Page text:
In this era of routine satellite launches, million-dollar joy rides to the edge of Earth’s atmosphere, crystal-clear images direct from the dusty surface of Mars, and even a fiery “closeup” picture of our Sun, it seems nothing in the world could possibly slow human efforts to explore space, to live on other planets, to raise families and establish businesses, to boldly go where none have ever gone before. To infinity and …
Um, not so fast, Buzz Lightyear. Is that a limp?
“NASA has identified five key hazards to human health and performance in space: altered gravity, radiation, isolation and confinement, distance from earth, and a hostile and closed environment (on the spacecraft),” write Associate Professor Vinciya Pandian, PhD, MBA, MSN, FAAN; MSN (Entry into Nursing) student Dorothy Coker; and colleague Mark Shelhamer, ScD, of the School of Medicine in “Nursing Care in Space—The Need for Nurses in the New and Evolving Field of Healthcare in Space” (Journal of Clinical Nursing).
Brittle bones, radiation exposure, optic nerve degeneration, emotional trauma, and—somewhere down the road—potential childbirth issues at Zero Gravity: These are among the many classic symptoms of a situation in which health care providers aren’t sure what to expect in human bodies with millions of miles on the odometer.
“Nurses are the experts at care everywhere else. Why not space?”
“These factors can cause a variety of health issues,” they write, “including heart and muscle atrophy and fluid shift out of the lower extremities due to weightlessness, neuro-ocular alterations and other difficulties possibly due to increased intracranial pressure, development of renal stones, urinary tract infections, alterations in the gut microbiome, loss of bone mass and muscle strength, and depressed or altered mood. These issues can not only interfere with functioning and productivity in flight, but they can also cause long-term problems after flight.”
Luckily, nurses down here on Earth and specifically in East Baltimore, MD are laying the groundwork for whatever we’ll meet up there and—the key to the whole ball of carbon—how we’ll fix or treat it.
At the Johns Hopkins School of Nursing (JHSON), Pandian, who serves as assistant dean for immersive learning and digital innovation and director of the Center for Immersive Learning & Digital Innovation, has made a home for a nascent program to begin training a force of nurses ready for what comes next. “Nurses are the experts at care everywhere else. Why not space?” asks Pandian. It was Coker who, during an interview with Pandian for the Research Honors Program, brought up the idea. “Oh my gosh, this used to be my dream,” Pandian remembers thinking in response.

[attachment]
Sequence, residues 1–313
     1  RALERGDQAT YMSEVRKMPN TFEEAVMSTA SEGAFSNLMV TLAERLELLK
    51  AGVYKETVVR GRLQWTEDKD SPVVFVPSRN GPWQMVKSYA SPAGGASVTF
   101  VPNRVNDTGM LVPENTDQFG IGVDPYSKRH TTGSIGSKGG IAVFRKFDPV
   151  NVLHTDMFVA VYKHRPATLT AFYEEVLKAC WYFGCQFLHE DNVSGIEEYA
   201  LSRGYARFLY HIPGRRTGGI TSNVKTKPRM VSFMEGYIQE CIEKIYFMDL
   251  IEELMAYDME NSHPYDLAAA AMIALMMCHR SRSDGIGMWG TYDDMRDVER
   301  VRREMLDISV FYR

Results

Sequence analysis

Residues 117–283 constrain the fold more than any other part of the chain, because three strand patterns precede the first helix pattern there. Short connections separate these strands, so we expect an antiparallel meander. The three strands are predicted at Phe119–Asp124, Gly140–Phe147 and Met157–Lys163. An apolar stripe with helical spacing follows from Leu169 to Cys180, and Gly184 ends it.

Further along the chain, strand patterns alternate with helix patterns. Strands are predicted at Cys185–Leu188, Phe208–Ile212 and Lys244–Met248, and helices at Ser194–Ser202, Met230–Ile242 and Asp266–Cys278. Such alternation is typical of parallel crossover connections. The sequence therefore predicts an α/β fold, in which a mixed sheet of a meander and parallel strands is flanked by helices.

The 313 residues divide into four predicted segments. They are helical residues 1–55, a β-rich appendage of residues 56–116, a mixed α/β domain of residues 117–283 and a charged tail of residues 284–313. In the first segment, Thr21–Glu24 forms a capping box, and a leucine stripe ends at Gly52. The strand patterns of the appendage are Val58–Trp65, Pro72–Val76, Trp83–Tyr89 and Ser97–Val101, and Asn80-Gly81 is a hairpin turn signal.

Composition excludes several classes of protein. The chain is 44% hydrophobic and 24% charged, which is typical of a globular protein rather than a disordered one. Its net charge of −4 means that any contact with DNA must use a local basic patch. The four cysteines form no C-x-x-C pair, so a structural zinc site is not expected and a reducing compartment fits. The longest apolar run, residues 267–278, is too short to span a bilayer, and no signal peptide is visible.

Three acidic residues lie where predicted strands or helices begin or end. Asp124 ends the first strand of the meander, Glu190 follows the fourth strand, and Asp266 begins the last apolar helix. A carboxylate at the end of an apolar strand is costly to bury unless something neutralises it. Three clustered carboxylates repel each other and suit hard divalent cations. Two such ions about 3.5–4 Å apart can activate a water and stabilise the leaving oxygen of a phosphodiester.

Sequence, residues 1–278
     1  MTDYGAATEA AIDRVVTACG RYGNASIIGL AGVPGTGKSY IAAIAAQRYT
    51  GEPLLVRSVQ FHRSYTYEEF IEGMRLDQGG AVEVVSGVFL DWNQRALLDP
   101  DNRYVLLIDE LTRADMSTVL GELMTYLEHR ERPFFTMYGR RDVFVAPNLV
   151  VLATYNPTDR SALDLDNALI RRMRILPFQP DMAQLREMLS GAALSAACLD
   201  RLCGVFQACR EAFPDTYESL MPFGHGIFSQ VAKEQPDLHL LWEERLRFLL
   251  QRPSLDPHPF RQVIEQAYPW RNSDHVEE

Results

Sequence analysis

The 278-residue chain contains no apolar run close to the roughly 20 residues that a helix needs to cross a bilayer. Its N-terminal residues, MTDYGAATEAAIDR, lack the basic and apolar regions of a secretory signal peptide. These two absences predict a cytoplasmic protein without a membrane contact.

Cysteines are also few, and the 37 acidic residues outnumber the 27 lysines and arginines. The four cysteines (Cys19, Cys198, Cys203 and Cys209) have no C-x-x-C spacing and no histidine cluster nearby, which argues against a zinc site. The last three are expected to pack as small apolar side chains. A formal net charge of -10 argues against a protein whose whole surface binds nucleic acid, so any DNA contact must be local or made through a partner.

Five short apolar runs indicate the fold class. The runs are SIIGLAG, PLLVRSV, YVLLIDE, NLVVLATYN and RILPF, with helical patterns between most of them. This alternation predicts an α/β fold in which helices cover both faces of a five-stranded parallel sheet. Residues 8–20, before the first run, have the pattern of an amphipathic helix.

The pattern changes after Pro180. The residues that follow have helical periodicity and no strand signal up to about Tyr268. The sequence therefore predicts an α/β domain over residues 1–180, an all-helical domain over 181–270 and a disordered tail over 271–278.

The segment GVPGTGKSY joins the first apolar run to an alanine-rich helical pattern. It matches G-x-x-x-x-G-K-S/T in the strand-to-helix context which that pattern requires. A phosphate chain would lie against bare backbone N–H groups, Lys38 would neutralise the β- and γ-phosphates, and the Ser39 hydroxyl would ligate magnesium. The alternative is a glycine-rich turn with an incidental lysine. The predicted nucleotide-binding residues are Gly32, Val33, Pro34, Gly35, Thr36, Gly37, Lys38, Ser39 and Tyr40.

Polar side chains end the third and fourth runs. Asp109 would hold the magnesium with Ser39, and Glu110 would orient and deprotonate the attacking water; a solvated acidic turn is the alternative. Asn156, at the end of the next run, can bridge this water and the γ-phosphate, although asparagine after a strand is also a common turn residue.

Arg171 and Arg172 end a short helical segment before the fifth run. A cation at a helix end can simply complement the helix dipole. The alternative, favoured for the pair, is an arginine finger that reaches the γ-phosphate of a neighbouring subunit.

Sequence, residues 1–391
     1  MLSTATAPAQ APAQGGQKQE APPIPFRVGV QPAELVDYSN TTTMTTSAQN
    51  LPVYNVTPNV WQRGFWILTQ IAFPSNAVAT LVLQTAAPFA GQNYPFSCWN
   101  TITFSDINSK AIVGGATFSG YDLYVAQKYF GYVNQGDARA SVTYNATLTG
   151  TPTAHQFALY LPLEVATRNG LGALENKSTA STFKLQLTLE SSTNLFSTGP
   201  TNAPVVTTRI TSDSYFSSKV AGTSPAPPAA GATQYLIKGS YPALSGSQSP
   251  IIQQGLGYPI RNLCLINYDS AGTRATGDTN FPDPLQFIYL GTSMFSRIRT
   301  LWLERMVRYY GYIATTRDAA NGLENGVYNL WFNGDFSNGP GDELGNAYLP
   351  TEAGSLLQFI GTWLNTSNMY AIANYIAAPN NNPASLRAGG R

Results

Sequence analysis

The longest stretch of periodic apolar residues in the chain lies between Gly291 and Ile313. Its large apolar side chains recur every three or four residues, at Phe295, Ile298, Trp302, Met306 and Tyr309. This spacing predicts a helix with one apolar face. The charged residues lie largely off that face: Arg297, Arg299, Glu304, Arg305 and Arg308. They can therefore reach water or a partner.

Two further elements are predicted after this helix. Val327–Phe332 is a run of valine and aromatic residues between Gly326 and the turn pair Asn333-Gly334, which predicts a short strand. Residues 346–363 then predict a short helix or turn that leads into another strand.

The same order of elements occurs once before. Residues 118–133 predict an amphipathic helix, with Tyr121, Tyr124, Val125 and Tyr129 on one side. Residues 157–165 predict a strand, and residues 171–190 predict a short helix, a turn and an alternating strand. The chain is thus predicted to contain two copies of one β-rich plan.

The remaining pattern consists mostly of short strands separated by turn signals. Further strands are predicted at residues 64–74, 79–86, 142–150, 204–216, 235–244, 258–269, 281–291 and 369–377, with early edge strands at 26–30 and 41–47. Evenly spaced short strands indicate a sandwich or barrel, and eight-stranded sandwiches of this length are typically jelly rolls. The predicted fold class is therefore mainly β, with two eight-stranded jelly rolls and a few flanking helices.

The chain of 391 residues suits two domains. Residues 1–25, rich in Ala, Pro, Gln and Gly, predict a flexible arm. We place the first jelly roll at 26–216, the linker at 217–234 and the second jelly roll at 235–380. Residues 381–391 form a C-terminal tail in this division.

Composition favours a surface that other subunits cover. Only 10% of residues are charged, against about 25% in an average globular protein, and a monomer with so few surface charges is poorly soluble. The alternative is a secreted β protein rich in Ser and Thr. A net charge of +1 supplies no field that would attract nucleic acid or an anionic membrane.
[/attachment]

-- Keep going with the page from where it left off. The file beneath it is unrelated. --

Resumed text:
In college, Pandian and a roommate, closet space nerds, would gaze upward and outward night after night to ponder the vastness and beauty of the universe. But her nursing studies kept her grounded. “I was fascinated, but I didn’t take it too seriously,” she says. Then, at a 2014 Global Tracheostomy conference in London, she attended a lecture by the late physicist and author Stephen Hawking, whose theories on the Big Bang and black holes remain foundational. Hawking, wheelchair-bound and himself intubated after years of suffering from amyotrophic lateral sclerosis, nonetheless rhapsodized that day on the possibilities of space science. “When Stephen Hawking dares to dream, I did too.”
But again it went onto a back burner, until Coker showed just how serious she was about a collaboration. “And I went straight to [then Dean] Trish Davidson,” says Pandian.
Both credit Shelhamer, who runs the Johns Hopkins Human Spaceflight Lab, for his mentorship. Shelhamer, an expert in the study of astronaut adaptation to space flight, served as NASA’s chief scientist for human research at the Johnson Space Center from 2013-16.
In practice, it’s not so different from the old-timey notion of “frontier nursing,” a time when caregivers went by horseback, dog sled, or even by foot to remote parts of the United States (and even today, hard-to-reach parts of our world) to bring both healing and preventive medicine to the folks living and working there. It is that spirit of nursing—doing whatever it takes to offer the most people the most compassionate, equitable care—that drives the Johns Hopkins Nursing space project.
And in fact, nurses have been involved in aerospace medicine since before the existence of human spaceflight. Delores “Dee” O’Hara was a pioneer, often the lone nurse assisting with health maintenance of NASA astronauts on the ground in the 1950s, 1960s, and 1970s. Though she never left Earth, O’Hara earned the trust that would guide those in her care from the first human U.S. spaceflight programs (Project Mercury and Gemini), to the Apollo Program (Moon), to the first American space station (Skylab).
O’Hara’s observations and data from these missions plus records from the many flights that have followed offer nurses, physicians, and researchers a glimpse into what might await humans far beyond our atmosphere. And as missions have grown in length (up to one year on the International Space Station, say—or about half of what a trip to Mars and straight home would take, minus prep time), researchers have been able to witness how certain bodies react and recover from weightlessness and even how the mind handles the adrenaline rushes and the scares, the jubilation and the loneliness.